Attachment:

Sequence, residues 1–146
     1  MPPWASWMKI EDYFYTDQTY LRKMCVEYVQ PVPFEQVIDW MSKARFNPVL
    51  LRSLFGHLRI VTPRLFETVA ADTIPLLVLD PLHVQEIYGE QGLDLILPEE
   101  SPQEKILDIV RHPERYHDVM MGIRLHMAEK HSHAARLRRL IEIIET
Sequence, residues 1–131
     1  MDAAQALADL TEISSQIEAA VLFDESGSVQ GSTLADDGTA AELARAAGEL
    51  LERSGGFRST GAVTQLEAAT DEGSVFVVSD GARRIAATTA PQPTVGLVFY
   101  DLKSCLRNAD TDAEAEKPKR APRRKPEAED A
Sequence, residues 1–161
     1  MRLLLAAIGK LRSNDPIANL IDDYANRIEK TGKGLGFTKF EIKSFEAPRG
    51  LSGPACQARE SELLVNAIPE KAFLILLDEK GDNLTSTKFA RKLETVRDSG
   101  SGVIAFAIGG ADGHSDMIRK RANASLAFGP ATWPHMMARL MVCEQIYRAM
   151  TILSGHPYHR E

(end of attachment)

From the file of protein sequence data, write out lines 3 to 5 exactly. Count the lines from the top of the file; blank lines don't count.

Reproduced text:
    51  LRSLFGHLRI VTPRLFETVA ADTIPLLVLD PLHVQEIYGE QGLDLILPEE
   101  SPQEKILDIV RHPERYHDVM MGIRLHMAEK HSHAARLRRL IEIIET
Sequence, residues 1–131